As well as being interconnected to form the normal processing circuits, the data storage circuits are also connected together serially, for diagnostic and testing purposes, to form four shift register paths 12 in each chip. Typically, each path may contain up to 72 individual bits. Normally, all the paths in all the chips are inhibited, preventing their contents from being shifted. In this condition, the data storage circuits perform their normal processing functions. However, in a diagnostic mode of operation, one path is selected and enabled for shifting. This permits test patterns to be shifted into the storage circuits of the selected path, and the contents of the selected path to be read out serially.
The system also contains a diagnostic unit 13 which controls the selection of the paths, generates the test patterns, and receives the contents of the paths for inspection. The diagnostic unit 13 produces a serial data input signal LDI on line 14, which is distributed to all the boards 10 and is fed to a serial input terminal 15 on each chip 11. The terminal 15 is connected in parallel to the inputs of all the paths 12 on the chip.
The outputs of the paths are connected to a multiplexer 16 which selects one of the outputs and feeds it to a serial output terminal 17 by way of a multiplexer 18, when a control signal GO=1. (The signal GO is supplied to all the chips.) The output terminal 17 is connected to a multiplexer 19 with similar outputs from the other chips on the board. The output of the multiplexer 19 is connected to another multiplexer 20 with similar outputs from the other boards, to produce a serial data output signal LDO which is returned to the diagnostic unit 13.
Each board contains a shift register 21 referred to as the master shift register. Normally this register is disabled, preventing its contents from shifting. The register 21 is enabled by a board select signal BSEL from the diagnostic unit. When enabled, it has a message shifted into it, one bit at a time, from the line 14, under control of a clock signal CLK. (This clock signal is also received by all the chips 11). Data is also shifted out of the register 21 and returned to the diagnostic unit by way of the multiplexer 19.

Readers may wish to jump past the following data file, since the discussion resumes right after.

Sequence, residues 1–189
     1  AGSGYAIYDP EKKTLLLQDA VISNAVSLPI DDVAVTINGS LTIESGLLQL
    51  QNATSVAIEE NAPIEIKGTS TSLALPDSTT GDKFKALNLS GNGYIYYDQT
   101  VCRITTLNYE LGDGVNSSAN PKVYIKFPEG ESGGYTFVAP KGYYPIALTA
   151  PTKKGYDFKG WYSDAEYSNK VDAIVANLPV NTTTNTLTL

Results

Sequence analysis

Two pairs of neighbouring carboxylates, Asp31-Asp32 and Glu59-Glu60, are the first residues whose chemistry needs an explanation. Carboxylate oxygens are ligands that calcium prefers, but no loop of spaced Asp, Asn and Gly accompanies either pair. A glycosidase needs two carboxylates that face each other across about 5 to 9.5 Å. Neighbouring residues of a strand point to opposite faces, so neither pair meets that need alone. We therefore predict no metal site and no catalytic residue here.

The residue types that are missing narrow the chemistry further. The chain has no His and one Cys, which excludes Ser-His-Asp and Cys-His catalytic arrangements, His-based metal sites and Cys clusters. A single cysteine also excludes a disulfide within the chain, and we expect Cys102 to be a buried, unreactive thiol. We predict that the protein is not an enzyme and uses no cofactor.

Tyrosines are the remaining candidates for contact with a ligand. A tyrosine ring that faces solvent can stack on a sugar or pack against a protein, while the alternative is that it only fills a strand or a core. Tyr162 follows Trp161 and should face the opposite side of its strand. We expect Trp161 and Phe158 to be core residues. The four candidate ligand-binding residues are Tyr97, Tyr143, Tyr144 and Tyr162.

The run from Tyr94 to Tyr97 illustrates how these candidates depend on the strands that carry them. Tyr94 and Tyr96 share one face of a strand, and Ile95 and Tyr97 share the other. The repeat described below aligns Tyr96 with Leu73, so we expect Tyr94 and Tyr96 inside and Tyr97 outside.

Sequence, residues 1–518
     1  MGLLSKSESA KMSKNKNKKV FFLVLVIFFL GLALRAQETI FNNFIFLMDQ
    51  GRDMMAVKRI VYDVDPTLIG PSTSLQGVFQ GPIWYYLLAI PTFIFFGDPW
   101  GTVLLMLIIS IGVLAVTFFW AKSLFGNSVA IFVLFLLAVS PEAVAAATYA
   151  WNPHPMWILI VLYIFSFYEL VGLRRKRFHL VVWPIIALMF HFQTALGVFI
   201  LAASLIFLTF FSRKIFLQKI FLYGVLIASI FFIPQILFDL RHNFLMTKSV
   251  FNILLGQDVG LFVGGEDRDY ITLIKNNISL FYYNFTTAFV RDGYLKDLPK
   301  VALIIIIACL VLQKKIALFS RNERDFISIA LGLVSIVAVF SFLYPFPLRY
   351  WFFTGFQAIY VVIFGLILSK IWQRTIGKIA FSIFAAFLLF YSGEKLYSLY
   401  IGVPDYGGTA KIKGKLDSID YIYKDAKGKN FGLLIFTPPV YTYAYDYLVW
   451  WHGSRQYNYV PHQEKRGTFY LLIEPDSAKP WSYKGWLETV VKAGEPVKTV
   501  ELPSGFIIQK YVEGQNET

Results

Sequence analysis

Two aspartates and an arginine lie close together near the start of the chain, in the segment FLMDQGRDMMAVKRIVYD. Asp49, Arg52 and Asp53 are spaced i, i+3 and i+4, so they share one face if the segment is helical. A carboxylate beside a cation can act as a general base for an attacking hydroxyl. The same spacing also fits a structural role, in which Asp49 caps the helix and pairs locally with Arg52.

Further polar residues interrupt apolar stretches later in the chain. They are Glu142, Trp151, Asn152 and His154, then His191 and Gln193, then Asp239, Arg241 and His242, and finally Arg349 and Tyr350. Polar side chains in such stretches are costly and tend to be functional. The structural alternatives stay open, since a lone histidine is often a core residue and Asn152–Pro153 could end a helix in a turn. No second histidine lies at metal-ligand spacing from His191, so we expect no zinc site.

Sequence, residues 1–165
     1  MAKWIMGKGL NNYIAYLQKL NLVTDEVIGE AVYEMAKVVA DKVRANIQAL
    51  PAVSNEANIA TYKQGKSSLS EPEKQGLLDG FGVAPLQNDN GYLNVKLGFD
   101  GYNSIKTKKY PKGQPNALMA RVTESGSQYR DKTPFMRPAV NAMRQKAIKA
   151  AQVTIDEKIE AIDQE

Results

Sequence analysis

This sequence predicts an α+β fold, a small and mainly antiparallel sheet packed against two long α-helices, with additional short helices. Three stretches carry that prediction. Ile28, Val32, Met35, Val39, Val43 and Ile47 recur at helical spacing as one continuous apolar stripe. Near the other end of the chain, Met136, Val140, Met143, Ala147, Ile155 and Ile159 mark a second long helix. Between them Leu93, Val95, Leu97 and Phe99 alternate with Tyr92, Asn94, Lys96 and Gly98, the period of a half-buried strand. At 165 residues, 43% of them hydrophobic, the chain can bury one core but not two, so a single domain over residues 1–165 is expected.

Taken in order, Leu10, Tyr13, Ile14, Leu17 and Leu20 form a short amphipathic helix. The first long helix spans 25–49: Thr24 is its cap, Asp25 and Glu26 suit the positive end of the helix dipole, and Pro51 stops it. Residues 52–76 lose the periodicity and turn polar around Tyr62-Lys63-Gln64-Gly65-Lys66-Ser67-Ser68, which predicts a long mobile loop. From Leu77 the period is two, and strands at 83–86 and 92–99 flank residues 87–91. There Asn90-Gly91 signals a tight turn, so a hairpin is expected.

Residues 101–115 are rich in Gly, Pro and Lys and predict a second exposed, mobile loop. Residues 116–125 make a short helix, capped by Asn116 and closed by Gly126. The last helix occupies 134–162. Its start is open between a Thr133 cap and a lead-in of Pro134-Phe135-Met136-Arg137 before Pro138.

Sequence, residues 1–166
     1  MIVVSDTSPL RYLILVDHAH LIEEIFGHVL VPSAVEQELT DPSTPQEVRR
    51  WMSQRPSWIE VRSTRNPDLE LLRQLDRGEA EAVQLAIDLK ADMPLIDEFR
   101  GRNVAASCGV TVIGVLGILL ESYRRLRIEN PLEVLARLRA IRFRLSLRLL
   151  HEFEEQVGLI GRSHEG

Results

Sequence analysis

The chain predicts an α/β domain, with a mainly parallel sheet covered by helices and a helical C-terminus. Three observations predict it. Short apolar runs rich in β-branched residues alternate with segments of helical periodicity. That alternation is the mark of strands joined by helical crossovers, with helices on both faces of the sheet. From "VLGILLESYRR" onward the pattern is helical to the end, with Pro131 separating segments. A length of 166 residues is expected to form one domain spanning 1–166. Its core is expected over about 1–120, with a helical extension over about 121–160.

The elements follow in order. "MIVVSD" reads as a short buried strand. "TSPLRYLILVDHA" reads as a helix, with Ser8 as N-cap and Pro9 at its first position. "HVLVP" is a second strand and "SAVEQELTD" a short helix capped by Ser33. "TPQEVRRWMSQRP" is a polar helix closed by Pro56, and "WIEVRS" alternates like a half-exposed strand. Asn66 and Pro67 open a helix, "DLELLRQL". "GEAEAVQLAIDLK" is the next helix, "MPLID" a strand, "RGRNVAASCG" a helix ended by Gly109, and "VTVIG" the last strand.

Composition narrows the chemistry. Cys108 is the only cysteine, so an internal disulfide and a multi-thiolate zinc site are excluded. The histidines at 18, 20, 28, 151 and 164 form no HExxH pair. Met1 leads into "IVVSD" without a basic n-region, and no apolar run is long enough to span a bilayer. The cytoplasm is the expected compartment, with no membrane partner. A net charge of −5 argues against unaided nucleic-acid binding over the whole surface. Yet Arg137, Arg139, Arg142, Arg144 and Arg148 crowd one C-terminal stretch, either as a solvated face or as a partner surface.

The message shifted into the master shift register 21 contains a chip select code, identifying one of the chips 11. This is decoded by a decoder circuit 22 to produce a chip select signal CSEL for the specified chip. One value of the chip select code serves as a broadcast code, and causes all the outputs of the decoder 22 to be enabled, sending chip select signals CSEL to all the chips simultaneously.
Each chip contains a shift register 23 referred to as the control shift register. Normally this register is disabled. The register 23 is enabled by the AND function of the chip select signal CSEL and the inverse of the control signal GO. When enabled, the register 23 has a message shifted into it, one bit at a time, from the terminal 15, under control of the clock CLK. Data is also shifted out of the register and returned to the diagnostic unit by way of the multiplexer 18, when GO=0.
The message shifted into the control shift register 23 includes path select code specifying one of the four paths 12 on the chip. This code controls the multiplexer 16 so as to select the output of the specified path. The code is also decoded by a decoder circuit 24 to produce a path selection signal LSEL for the specified path.
The message also contains a loop function code which specifies a desired mode of operation for the paths. This is decoded by a decoder circuit 25 to produce function control signals FN for the paths. The first three of the function control signals have the following meanings: RUN: All the paths in the chip are put into a normal RUN mode of operation in which all the data storage circuits on the chip perform their normal processing functions. HOLD: All the paths on the chip are put into a hold mode in which their contents are frozen, preventing them from being overwritten. SHIFT: One of the paths, specified by the path select signal LSEL, is placed in a SHIFT mode in which its contents are shifted from left to right as viewed in FIG. 1, one step at each clock pulse. At the same time the other three paths on the chip are put into the HOLD mode.